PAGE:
You can appeal if your child has been refused a place at an Enfield Council school and our School Appeals Service administers the process.
Academies, Voluntary Aided or Foundation schools are responsible for their own appeal arrangements and you should contact the school for details.
There are separate arrangements for school places offered to children who have a Full Statement of Special Educational Needs (SEN) or an Education Health and Care Plan (EHCP). If this applies to your child, contact our SEN Service.
Our school appeals guidance (PDF, 198.09 KB) will help you understand:
- how the appeals process works
- what will happen at an appeal hearing
- how the appeal panel will make its decision on your appeal
For further useful information see our infant class size appeals guidance (PDF, 153.51 KB).
If you think your appeal hearing was not conducted properly, you can contact the Local Government Ombudsman Service.
If you think your appeal hearing was not conducted properly, you can contact the Local Government Ombudsman Service. Any complaints about academy independent admission appeal panels should be directed to the Education Funding Agency, for further information see the GOV.UK factsheet.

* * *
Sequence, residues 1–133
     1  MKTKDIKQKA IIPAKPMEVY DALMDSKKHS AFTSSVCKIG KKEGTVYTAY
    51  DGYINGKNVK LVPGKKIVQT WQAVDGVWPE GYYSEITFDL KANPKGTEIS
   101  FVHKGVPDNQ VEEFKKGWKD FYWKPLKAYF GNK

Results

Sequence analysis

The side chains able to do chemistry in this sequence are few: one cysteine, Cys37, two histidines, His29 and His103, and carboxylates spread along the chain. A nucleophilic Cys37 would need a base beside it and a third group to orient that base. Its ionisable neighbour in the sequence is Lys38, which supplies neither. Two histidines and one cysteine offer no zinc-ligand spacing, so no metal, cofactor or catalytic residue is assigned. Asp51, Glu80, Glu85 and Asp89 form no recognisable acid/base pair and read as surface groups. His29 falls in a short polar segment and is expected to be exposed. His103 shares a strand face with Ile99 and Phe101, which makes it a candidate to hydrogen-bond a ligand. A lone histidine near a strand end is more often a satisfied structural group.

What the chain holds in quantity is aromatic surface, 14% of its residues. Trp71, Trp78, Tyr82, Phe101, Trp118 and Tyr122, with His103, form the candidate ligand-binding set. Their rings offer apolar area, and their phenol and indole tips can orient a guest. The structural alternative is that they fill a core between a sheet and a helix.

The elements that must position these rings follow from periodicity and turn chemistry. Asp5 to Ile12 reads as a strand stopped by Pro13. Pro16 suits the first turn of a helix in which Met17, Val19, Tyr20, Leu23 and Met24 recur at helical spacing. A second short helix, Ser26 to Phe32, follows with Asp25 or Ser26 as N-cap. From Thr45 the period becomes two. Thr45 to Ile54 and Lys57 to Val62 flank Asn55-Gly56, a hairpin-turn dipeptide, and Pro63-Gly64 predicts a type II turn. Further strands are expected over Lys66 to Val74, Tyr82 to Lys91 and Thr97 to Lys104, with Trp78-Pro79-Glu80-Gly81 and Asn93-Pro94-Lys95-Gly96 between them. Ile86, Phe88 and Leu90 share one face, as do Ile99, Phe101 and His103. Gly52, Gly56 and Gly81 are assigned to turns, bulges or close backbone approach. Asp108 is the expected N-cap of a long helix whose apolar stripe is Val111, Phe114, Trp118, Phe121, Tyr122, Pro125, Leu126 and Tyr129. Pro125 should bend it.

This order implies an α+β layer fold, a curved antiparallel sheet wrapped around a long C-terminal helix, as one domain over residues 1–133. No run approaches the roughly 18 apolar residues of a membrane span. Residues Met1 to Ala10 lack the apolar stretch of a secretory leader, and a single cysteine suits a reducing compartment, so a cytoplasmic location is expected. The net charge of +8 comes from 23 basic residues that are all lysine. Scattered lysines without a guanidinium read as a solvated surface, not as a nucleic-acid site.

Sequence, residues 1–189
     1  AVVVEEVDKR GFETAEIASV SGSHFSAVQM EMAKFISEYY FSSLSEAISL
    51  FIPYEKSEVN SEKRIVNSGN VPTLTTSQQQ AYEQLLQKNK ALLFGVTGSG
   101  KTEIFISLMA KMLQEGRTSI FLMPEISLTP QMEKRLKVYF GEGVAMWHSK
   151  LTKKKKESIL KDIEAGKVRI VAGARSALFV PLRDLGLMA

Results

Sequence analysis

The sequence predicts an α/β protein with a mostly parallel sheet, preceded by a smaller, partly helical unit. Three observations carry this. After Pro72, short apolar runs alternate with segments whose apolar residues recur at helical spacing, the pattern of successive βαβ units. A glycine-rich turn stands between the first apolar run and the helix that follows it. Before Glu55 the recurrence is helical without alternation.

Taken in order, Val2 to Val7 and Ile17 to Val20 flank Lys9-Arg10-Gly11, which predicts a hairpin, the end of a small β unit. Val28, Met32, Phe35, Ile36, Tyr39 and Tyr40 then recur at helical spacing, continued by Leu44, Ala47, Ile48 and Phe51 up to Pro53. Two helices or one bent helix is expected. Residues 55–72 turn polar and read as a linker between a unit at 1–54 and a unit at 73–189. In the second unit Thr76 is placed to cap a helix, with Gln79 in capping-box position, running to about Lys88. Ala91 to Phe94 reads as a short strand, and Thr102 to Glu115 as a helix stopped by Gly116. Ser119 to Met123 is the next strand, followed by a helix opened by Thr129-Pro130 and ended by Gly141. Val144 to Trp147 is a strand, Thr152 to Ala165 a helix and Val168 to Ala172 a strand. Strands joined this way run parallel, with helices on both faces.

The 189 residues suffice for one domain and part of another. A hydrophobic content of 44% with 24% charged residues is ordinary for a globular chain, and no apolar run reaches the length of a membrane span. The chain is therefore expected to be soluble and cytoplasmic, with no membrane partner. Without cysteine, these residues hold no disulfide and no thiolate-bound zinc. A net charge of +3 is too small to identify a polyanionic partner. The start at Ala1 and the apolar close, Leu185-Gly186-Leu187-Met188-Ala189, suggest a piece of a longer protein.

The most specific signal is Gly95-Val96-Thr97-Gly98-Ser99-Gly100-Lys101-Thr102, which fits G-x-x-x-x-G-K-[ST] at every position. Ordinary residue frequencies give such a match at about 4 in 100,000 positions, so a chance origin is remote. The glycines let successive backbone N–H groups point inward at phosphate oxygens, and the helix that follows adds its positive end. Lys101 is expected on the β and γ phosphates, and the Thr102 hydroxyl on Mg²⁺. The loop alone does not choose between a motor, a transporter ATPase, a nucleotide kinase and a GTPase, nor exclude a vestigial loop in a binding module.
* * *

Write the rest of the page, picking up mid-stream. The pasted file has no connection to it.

Appeals panel volunteers
If you're interested in Education and want to get involved, you can apply to become a Volunteer School Appeals Panel Member.
The panel members guidance (PDF, 163.19 KB) will help you understand what volunteering would involve.
Role of an appeals panel member
If a child has been refused a place at their preferred school or they have been permanently excluded from school, their parent or carer can appeal to an independent panel. As a panel member you will consider their case and decide whether to allow or refuse their appeal.
We have a pool of panel members and three members are usually chosen for each hearing to decide on a number of appeals. Each panel must have at least one:
- education member: someone who has experience in education, such as a parent of a child in school or a teacher
- 'lay' member: someone who has no personal experience in education or the management of a school, such as any member of the public
Being a panel member can be a rewarding experience if you have free time during weekdays and want to help the community. You don't need any specific experience, although applications are particularly welcome from current and former education professionals and school governors.
Many volunteer panel members enjoy sitting on hearings and find the variety of cases interesting and benefit from developing their experience.
If you would like more information about the role and how to become a panel member, email email@example.com.